Oh, this is what I always tell… this is what my coaches are trained to say to people and everything. There’s two kinds of fear. There’s fear that is mixed with desire and fear that is mixed with disgust. So, think about yourself on a hot day. You’re parched, you’re sweaty, and you’re standing on a very high diving board above a sparkling blue Olympic diving pool.

And it’s a long way down and you’re scared to jump, but the water looks so cooling and refreshing and you desperately want to be down there. That’s one kind of fear. Then, imagine the same precise situation, except instead of sparkling water in the pool, there is toxic sludge and it stinks and it’s poisonous and you can tell even from up there. If that’s the sense of fear you’re feeling climb back down the damn ladder. Do not jump.

So, yeah. If the thought of pushing your kids out of the house takes courage, it takes courage for them to be free. It takes courage for you to redefine. But it feels like, “Oh, we’re all going to learn to… this is bracing. This feels healthy.”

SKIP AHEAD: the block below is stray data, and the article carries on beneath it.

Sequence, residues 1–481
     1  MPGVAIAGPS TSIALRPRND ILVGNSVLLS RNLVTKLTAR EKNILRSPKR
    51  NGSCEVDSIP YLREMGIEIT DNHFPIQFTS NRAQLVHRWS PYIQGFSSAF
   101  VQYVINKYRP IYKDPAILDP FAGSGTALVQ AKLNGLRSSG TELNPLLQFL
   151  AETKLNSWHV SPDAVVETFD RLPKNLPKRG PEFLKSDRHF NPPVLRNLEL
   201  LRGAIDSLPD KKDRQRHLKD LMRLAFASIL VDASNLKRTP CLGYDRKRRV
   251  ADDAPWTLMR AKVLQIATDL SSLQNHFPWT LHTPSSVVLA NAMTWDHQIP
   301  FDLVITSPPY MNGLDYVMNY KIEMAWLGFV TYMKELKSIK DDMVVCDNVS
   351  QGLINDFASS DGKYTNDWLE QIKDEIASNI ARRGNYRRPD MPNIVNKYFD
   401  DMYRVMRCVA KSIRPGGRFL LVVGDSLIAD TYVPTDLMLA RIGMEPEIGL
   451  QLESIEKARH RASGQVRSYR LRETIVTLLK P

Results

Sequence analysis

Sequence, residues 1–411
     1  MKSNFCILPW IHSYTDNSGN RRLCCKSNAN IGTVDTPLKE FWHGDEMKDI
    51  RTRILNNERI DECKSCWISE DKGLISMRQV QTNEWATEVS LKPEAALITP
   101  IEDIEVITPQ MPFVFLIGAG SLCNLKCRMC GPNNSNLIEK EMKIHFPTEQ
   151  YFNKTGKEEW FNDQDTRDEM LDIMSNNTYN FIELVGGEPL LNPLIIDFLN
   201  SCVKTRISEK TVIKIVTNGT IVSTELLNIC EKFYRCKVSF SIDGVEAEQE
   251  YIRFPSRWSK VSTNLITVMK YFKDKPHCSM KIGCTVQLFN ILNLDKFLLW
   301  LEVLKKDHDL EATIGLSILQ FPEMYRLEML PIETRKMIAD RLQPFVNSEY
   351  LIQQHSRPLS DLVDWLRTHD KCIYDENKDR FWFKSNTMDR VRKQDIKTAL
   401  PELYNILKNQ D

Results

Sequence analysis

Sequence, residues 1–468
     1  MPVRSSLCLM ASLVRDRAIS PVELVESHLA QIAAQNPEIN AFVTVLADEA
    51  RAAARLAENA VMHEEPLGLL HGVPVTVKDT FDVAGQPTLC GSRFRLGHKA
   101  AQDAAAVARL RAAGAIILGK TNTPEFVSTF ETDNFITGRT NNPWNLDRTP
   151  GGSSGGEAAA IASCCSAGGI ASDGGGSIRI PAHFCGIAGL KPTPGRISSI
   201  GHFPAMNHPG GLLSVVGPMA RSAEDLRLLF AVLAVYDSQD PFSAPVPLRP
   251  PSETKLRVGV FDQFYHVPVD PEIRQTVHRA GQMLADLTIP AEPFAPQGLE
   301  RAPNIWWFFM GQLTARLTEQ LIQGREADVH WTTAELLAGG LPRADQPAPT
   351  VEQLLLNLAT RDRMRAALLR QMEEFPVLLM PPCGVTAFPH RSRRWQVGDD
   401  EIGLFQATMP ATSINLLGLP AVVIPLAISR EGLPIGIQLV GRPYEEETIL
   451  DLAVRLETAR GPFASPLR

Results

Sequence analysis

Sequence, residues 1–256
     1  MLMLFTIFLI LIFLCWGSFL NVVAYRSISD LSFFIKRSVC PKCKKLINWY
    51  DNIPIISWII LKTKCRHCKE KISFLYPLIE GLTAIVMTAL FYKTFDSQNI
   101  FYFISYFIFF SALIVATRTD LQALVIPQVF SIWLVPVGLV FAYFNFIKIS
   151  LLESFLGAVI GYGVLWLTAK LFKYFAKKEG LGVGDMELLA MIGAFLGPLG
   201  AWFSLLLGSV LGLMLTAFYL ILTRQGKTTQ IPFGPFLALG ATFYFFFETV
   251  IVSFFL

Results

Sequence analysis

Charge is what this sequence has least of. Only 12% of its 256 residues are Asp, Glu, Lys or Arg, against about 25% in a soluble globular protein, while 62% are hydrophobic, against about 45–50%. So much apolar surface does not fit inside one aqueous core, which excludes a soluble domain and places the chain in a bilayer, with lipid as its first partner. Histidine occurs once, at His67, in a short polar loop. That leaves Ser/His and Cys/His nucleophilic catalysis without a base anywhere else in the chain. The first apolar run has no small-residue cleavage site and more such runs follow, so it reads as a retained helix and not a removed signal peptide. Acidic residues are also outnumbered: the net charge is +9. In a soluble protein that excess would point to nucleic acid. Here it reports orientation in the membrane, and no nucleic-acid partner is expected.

Then, do it even if it’s scary for you, if it’s scary for the kid, you can talk about how it’s scary for both of you. That makes both of you equal grownups. And if it says, “No, no, no. Wrong, wrong. Do you want me to burn down the house?” Listen to it no matter what pressures you get from the outside.

Rowan Mangan:
Yeah. Yeah. I think that like the turn of the wheel, each new season and adapting to the requirements of each new season always takes courage. I think that we’re constantly being called on to evolve and that some of those moments are more visible like this one than others. But I think there’s always that-

Martha Beck:
I love that.

Rowan Mangan:
… invitation to be brave.

Martha Beck: